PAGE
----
Bucknell students as positive actors for sustainability

Nicole Adler, Contributing Writer

In the final report from a study done in 2013 by Second Nature Education for Sustainability entitled “Advancing Bucknell University’s Sustainability Leadership,” this organization put forth a large range of suggestions explaining how the University can become an industry leader in sustainability.

In particular, their comment about the student body warranted attention: “With a few dedicated exceptions, students have not played an important role in driving progress on sustainability, unlike at other institutions where students are spearheading efforts to reduce greenhouse gas emissions, divest from fossil fuels, bring local foods to campus, etc.”  

Why is it that our student initiatives are less apparent on University campus while other universities similar to ours have launched student-led projects that engage large percentages of their campus? It cannot be a lack of passion or engagement because it is quite apparent that we have an active and well-rounded student body.

We need to find new ways to ensure that the students on campus adopt sustainability as a priority just as the University itself has. Sustainability has been outlined as one of the five overarching areas of focus for the University campaign, and it should be very important to the University that its students are fully involved in these efforts.

One possible way to get more students engaged inside and outside of the classroom is the creation of a sustainability minor. This minor would not be solely a management program nor one in the environmental studies department, but rather an interdisciplinary approach to sustainability that is catered to the student’s particular concentration. Implementing this academic opportunity into our University would encourage more students beyond those in the Managing for Sustainability (MSUS), Environmental Studies (ENST), and Sustainable Design programs to develop their interest in sustainability.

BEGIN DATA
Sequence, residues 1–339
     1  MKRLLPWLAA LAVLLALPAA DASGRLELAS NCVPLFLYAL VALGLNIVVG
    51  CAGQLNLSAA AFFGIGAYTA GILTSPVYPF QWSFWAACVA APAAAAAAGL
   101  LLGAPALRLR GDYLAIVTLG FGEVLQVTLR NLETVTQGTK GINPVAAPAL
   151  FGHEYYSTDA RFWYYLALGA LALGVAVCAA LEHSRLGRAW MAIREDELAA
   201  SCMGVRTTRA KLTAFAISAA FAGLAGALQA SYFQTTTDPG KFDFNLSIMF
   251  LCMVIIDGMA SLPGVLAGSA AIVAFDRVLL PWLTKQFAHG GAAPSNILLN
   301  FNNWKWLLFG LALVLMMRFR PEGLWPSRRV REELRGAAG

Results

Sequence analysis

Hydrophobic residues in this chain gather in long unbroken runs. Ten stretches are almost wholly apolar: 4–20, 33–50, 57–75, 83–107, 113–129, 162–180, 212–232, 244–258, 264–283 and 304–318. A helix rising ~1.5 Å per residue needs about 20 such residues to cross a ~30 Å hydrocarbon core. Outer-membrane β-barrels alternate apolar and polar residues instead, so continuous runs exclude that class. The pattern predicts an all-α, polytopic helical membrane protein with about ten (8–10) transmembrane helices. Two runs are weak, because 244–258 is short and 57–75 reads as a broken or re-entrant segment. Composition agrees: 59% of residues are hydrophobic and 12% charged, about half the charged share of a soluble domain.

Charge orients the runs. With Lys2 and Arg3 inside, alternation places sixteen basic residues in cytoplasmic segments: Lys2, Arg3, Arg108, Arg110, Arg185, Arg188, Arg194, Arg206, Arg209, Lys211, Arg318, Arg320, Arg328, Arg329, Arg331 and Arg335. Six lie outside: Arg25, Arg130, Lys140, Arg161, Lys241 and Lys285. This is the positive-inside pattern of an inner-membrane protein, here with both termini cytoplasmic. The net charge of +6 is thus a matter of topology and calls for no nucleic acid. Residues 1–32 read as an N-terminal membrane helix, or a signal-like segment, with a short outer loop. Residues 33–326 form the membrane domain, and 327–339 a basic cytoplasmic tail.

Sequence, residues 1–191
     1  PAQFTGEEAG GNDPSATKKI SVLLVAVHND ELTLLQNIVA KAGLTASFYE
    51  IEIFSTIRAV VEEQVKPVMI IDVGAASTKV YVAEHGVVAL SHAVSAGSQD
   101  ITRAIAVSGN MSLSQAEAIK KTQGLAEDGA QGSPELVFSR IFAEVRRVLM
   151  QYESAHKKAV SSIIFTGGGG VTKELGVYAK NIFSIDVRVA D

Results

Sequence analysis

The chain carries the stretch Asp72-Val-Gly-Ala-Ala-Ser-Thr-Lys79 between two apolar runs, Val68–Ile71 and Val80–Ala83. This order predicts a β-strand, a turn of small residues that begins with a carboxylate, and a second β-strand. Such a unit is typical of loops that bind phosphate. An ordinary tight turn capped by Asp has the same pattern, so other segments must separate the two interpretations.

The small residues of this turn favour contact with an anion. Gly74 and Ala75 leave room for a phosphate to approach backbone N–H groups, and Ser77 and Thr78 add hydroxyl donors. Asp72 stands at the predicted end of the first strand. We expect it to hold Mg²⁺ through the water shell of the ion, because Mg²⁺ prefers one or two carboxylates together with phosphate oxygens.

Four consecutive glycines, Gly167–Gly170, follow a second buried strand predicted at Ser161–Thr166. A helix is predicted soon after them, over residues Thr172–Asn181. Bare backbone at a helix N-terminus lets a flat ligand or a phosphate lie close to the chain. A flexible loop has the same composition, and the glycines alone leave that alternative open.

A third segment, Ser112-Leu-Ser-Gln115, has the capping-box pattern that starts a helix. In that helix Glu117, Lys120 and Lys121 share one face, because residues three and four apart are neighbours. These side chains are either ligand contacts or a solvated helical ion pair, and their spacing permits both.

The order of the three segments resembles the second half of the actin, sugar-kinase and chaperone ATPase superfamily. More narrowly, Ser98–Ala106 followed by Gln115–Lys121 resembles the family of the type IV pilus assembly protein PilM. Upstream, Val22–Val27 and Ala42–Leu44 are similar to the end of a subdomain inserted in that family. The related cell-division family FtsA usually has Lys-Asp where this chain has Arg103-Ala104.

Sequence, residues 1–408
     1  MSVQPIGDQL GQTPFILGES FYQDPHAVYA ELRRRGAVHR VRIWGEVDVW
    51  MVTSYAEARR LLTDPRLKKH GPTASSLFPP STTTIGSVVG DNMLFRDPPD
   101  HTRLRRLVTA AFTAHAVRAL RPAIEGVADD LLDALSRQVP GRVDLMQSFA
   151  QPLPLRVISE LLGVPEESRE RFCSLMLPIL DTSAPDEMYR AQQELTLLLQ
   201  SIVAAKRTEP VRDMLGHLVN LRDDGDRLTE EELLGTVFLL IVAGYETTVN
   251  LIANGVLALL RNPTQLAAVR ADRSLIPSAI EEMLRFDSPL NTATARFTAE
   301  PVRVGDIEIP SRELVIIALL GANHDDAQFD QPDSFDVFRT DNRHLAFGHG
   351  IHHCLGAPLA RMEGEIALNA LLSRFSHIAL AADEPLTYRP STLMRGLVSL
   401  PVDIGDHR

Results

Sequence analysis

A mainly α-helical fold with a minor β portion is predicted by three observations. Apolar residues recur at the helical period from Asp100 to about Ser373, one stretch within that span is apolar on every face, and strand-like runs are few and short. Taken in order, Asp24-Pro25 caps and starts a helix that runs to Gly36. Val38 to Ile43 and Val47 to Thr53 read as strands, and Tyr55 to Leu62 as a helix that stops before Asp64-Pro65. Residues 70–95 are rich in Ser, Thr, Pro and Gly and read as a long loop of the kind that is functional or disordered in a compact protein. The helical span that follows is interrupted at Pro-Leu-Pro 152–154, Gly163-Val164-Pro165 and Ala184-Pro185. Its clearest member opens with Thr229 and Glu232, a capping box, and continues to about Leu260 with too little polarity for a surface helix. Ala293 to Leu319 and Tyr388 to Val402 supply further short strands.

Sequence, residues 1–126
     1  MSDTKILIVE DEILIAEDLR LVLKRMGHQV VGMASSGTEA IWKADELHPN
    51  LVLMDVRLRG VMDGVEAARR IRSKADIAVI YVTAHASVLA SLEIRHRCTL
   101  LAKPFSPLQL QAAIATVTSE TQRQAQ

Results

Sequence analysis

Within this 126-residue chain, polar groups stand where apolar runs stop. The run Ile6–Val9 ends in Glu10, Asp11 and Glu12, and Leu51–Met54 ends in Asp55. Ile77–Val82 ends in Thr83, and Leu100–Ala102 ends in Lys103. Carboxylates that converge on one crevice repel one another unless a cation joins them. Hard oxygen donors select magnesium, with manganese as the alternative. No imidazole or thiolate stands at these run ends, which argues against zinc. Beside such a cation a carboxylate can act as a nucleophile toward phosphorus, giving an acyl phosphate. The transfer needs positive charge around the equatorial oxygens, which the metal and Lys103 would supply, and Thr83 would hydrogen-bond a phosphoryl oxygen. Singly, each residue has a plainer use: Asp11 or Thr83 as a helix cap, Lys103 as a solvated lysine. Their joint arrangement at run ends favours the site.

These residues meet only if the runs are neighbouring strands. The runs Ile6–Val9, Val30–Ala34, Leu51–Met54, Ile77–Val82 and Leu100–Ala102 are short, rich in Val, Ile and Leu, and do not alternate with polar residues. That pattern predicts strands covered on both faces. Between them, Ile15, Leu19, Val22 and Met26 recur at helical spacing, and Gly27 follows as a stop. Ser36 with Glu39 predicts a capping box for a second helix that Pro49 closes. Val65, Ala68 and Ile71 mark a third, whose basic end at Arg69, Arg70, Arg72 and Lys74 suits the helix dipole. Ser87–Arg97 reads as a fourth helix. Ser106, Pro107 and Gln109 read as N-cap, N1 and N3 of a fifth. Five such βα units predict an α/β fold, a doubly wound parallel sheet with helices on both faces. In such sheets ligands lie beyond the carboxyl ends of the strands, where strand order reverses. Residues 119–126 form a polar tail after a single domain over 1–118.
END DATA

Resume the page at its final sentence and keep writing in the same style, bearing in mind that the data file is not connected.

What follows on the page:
This minor would require the completion of at least one approved course in the engineering, management, and arts and sciences disciplines, with a total of five courses. The two required courses would be Managing for Sustainability I (MSUS 300), which provides the student with a solid foundation of sustainability knowledge, and Managing for Sustainability II (MSUS 301), which culminates in a sustainability action project.

Not only would this stimulate more interest in these areas of our curriculum, but a sustainability minor would also facilitate more student involvement in campus sustainability efforts. For example, this weekly installment in the Bucknellian is initiated by the student projects from MSUS 301. In this course, each student is assigned the task of proposing a project in an area of sustainability at the University. Courses like these that inspire action from class learning are what will make our University a leader in sustainability among institutions of higher education.

Students in the sustainability minor will also be motivated to join the existing campus sustainability initiatives that are currently lacking sufficient student involvement. The University would also be breaking new ground among universities of its kind. While sustainability minors have been implemented in universities such as George Washington University and Penn State University, we would be one of the first liberal arts institutions to have this progressive minor to supplement our existing programs.

Without an informed, involved, and passionate student body, we are limiting our progress in this field. A sustainability minor would broaden the scope for the type of student who is taking action to make the University a more sustainable institution.

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